"There are fundamental elements in Uttar Pradesh. But, there are also fundamentalists among caste groups," he said.

To a question, the Home Minister said the United States was "quite upset" with the Pakistani government for yielding so much space to Taliban.

Asked whether he believed Pakistan President Asif Ali Zardari [Images] is sincere when he tells things which are reassuring to India, Chidambaram said "I do not have to make a judgement on his sincerity. I only need to know what he says and what he does. If there is a wide gap between what he says and what he does, then I have to keep by guard high."

On whether a wide gap exists in case of Zardari, he said, "it exists in case of every Pakistani leader who has commented on the situation post the Mumbai [Images] attacks."

To another question, Chidambaram said "Who is the real authority in Pakistan I cannot say. But if General Kayani is a moderating influence, if he has brokered a peace between the president and the Pakistan prime Minister, well, that is a good piece of news".

Chidambaram also felt that civil society engagement between India and Pakistan was "very minimal".

As to what extent the terror problem in India arose from Pakistan, he said, "almost entirely except for the insurgencies in the north eastern states. Even there one finds the hand of Pakistan occasionally."

Asked to comment on India being surrounded by a sea of uncertainty and insecurity in Nepal, Sri Lanka [Images] and Bangladesh, he said it is an "unfortunate but nevertheless largely correct conclusion".

"...We (India) are in a ring of fire. We have to be on our guard always. We have to protect our democratic institutions. We have to be eternally vigilant," the home minister said.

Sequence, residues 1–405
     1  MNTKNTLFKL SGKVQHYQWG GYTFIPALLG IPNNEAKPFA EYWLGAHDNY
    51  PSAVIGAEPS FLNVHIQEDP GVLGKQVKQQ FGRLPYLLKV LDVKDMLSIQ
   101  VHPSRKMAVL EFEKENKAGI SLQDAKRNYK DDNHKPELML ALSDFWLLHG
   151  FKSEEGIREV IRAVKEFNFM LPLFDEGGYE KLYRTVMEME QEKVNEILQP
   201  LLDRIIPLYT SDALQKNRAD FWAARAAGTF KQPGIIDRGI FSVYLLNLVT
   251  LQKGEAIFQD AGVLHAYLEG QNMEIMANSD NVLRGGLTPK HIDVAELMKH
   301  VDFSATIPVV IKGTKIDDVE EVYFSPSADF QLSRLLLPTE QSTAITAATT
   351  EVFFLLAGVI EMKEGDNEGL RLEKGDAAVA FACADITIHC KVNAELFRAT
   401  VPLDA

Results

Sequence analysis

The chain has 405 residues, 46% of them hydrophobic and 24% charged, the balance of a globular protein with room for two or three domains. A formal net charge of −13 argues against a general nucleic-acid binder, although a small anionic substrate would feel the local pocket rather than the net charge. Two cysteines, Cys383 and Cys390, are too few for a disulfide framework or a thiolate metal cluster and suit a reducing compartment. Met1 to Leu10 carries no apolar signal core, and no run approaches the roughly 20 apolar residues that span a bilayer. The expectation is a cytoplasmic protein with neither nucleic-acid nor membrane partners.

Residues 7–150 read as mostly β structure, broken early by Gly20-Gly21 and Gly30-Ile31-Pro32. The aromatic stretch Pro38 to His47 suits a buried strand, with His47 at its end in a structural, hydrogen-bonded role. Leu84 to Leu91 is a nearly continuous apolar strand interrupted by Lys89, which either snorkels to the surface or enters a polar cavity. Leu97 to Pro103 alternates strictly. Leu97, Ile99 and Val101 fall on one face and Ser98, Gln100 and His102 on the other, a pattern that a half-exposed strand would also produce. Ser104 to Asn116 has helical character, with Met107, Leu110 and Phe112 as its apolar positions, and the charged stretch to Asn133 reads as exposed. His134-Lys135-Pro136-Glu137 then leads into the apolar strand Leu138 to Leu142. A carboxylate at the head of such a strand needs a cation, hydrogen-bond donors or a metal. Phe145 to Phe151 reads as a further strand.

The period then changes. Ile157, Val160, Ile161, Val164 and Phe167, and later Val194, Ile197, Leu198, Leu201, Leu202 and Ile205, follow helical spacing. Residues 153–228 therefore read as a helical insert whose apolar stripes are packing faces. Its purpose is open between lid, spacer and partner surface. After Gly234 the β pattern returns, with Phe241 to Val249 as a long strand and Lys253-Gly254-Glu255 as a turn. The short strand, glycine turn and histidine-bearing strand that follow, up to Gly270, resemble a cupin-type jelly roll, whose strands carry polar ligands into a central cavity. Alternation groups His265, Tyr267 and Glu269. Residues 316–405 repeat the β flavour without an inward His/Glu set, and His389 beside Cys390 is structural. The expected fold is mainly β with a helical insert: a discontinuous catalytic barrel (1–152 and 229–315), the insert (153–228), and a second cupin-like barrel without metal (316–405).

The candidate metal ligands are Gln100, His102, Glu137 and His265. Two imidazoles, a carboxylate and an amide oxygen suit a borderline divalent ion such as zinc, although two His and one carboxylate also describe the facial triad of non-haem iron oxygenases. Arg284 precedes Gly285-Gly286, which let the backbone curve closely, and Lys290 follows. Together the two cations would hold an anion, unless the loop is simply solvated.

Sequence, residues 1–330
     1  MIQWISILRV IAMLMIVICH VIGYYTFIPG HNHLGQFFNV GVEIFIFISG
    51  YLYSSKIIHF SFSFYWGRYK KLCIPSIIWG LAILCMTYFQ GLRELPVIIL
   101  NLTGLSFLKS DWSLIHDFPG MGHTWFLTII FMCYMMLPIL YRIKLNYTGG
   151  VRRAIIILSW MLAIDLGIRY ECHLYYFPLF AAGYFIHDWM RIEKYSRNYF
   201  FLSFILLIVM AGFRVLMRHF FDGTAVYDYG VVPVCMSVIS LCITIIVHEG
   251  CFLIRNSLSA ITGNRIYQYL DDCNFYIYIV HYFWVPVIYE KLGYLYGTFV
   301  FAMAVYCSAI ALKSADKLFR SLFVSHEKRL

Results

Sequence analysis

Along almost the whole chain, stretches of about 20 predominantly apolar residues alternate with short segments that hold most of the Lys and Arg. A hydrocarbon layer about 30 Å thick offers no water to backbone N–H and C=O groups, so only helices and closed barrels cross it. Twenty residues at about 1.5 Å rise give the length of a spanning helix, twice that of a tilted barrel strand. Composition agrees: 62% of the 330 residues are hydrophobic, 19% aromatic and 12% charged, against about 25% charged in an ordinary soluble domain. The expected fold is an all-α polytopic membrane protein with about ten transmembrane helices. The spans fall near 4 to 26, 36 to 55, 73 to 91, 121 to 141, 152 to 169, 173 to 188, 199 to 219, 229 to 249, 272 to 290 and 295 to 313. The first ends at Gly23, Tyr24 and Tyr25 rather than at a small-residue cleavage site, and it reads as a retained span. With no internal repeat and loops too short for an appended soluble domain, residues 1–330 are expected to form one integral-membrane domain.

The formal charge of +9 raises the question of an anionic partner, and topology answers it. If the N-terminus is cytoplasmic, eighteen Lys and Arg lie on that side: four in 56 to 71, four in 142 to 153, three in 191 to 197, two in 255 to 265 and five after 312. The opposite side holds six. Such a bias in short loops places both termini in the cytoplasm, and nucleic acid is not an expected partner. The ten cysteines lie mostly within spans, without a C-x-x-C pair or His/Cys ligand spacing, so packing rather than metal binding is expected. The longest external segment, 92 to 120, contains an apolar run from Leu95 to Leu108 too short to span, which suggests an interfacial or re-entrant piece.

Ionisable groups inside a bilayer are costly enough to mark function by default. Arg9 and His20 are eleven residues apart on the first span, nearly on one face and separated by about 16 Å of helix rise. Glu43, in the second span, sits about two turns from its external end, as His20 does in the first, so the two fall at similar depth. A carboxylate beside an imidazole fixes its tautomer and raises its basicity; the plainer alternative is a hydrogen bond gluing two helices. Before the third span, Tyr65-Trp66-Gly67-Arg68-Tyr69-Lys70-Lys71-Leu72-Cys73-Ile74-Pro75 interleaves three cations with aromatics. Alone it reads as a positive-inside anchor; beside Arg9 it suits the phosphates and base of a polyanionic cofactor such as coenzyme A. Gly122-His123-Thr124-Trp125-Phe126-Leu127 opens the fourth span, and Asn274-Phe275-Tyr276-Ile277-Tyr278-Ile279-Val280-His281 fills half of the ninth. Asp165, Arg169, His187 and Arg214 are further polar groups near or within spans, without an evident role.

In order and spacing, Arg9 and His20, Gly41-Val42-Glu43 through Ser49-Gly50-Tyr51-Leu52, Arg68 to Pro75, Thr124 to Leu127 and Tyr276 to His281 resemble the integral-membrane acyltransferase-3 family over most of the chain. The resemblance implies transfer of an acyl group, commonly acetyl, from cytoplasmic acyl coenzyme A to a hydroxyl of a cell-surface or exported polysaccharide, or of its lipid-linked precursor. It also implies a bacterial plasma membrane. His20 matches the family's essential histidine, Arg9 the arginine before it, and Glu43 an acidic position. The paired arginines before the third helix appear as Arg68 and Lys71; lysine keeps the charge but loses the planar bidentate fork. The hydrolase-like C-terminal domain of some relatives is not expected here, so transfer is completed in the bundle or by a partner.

He felt the terror posed a threat to every country. "In the last few years, the threat of terror has increased and we are not exception," he said.

"If the states surrounding us, the countries surrounding us are more stable, more democratic, better administered, we will be happier. But I take fact as they are. It is true that we are in a very difficult situation," Chidambaram said.

Asked if India should take steps to put the fire out, the minister said, "We will try to help. If people ask for help, we will help. We have helped in bringing multi-party democracy in Nepal. I believe, in a way, we encouraged return of multi-party democracy in Bangladesh."

On whether he welcomed increasing United States' involvement in Afghanistan in building up of force levels, he declined to comment saying, "This is a call the government has to take as a whole after assessing the security situation".

Asked whether it would have security implications for India, he said whether the induction of any force alter the security situation "for better or for worse" he could not say.

"The point is India is trying to help Afghanistan find its feet. We are helping them in many ways. We have a policy on Afghanistan which is quite explicit. We have made it clear," Chidambaram added.